After so many resource posts, time to talk.
Years ago after moving to a new school I was confronted with the task of assisting a student with editing a video submission as part of the HSC Body of Work. Up to that point I had not had to handle anything like that, but I figured it couldn’t be too hard. I had taught myself Photoshop, Illustrator, InDesign, had a working knowledge of Logic, Cubase and FL Studio and worked with procedural and fractal landscape generators like Terragen and Mojoworld, so finding my way around a new interface shouldn’t be all that difficult….learning curve No1.
I had just stepped into a Mac environment and was discovering a mini version of heaven. Having been a long time PC user who had just crossed over I certainly welcomed the opportunity to get ‘under the bonnet’ and learn more.
I cut my teeth on IMovie HD, (I still keep a copy because it’s the only version that can export to mini DV). The student I was working with was not mine, but was an HSC candidate of another teacher in the faculty. However, I had her in my Design class and this was where we worked on solving some of the technical problems that turned up in the process of the work being put together. I quickly learned the basics of editing and this student was fast in picking it up, and in a very short time had a substantial amount of footage to work with and a head full of ideas that quickly exhausted the editing capability of iMovie. So the next logical step was to upgrade to Final Cut HD and relearn. This was possibly the best thing that could have happened.
Having the basic principles of editing under control it proved to be substantially easier to move across to a new interface and multi-layers. The addition of Soundtrack and Live Type made the crossover even more pleasurable. However refining the process to the point where I could fluently instruct someone else, meant long hours after work sorting out all the pros and cons of codex related issues and the finer points of the craft of editing. No one told me how time consuming it would be (and still is).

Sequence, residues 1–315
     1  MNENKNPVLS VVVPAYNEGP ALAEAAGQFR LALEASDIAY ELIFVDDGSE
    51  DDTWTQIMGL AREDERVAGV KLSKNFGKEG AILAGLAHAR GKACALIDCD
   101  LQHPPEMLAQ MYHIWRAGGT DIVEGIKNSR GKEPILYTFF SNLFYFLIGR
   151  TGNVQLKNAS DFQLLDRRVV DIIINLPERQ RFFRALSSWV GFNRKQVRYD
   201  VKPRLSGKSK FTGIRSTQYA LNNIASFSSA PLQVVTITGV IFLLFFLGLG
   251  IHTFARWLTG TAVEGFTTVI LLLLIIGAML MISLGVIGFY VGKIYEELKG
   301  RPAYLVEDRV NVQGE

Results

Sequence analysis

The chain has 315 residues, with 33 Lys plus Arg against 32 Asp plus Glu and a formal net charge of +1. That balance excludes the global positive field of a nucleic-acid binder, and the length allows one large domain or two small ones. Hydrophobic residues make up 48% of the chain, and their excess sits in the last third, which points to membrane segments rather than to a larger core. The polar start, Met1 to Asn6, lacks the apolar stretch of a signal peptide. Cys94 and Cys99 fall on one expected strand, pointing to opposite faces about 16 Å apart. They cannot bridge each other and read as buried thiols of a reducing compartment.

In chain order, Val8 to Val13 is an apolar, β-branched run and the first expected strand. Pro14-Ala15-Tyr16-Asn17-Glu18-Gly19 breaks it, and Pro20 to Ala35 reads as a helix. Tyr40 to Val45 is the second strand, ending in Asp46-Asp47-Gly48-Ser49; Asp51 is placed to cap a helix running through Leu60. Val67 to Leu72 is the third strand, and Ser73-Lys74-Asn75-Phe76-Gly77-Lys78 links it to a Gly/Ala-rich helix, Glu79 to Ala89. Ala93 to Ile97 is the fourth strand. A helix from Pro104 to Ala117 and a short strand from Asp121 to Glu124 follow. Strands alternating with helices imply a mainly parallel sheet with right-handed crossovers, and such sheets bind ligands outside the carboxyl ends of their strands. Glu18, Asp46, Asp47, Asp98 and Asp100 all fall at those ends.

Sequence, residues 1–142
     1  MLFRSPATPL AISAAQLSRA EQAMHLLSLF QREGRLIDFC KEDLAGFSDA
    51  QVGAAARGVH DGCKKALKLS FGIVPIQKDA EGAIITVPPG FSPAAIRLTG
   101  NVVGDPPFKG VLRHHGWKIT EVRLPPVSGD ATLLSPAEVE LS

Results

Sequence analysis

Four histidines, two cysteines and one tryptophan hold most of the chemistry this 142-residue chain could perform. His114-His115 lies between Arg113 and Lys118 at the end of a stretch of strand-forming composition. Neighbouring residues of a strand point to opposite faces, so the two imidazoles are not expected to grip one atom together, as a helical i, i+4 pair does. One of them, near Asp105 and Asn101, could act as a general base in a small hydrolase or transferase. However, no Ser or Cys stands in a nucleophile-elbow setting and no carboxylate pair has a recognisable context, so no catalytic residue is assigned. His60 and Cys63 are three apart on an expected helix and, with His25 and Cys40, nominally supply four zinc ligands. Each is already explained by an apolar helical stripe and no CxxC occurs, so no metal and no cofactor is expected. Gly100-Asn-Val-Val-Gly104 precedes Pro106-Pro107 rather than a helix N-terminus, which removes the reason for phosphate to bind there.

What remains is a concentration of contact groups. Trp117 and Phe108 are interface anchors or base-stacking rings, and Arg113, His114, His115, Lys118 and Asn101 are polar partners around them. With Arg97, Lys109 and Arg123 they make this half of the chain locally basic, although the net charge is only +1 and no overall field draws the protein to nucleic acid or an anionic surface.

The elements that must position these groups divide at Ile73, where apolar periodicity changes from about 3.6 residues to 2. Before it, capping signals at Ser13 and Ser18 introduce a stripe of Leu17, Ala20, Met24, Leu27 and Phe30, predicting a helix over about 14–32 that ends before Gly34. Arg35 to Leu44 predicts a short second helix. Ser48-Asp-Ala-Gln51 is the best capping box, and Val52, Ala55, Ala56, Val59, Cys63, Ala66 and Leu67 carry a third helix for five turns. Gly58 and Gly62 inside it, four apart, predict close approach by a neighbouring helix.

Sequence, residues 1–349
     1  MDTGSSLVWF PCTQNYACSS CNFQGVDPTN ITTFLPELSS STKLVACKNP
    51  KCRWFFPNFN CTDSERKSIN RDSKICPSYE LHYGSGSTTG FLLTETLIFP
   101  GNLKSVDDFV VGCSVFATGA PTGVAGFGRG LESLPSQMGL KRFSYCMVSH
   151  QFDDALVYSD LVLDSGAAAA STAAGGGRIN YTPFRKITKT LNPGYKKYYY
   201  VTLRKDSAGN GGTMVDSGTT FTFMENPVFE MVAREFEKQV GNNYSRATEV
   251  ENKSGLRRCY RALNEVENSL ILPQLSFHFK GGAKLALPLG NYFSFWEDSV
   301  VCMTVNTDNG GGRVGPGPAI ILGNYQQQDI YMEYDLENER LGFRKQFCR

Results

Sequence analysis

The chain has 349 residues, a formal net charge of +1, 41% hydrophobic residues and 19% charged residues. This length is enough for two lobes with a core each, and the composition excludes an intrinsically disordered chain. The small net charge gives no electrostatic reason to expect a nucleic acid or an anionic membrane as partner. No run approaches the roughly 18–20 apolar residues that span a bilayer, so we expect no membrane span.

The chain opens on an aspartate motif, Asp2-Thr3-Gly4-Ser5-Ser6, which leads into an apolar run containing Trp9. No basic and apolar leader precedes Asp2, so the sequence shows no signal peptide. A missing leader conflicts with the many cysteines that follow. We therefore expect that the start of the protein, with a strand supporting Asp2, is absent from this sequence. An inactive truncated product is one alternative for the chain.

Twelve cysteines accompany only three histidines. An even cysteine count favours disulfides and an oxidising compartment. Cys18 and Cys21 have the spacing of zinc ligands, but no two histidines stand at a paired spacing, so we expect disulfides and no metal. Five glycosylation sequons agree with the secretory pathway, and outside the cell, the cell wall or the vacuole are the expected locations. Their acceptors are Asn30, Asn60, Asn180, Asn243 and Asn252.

Putting the soundtrack together meant taking my iMac into school and working with her there. Using an extensive library of royalty free loops, the piece came together with relative ease:) and the ability to sync video and audio in Soundtrack took the strain out of the final edits. As far as I remember the soundtrack had something like 15-20 seperate tracks………….there was some very interesting dialogue in the development of this piece.
Exporting the completed project to iDVD proved to be an interesting experience. The 06 version of iDVD had some interesting idiosyncrasies and again provided another learning curve that was relatively painless but time consuming for both student and teacher.
So here it is, (from 2007), a small part of an extensive body of work comprising photography, graphics, video and an interactive website and my initiation into the world of teaching video editing.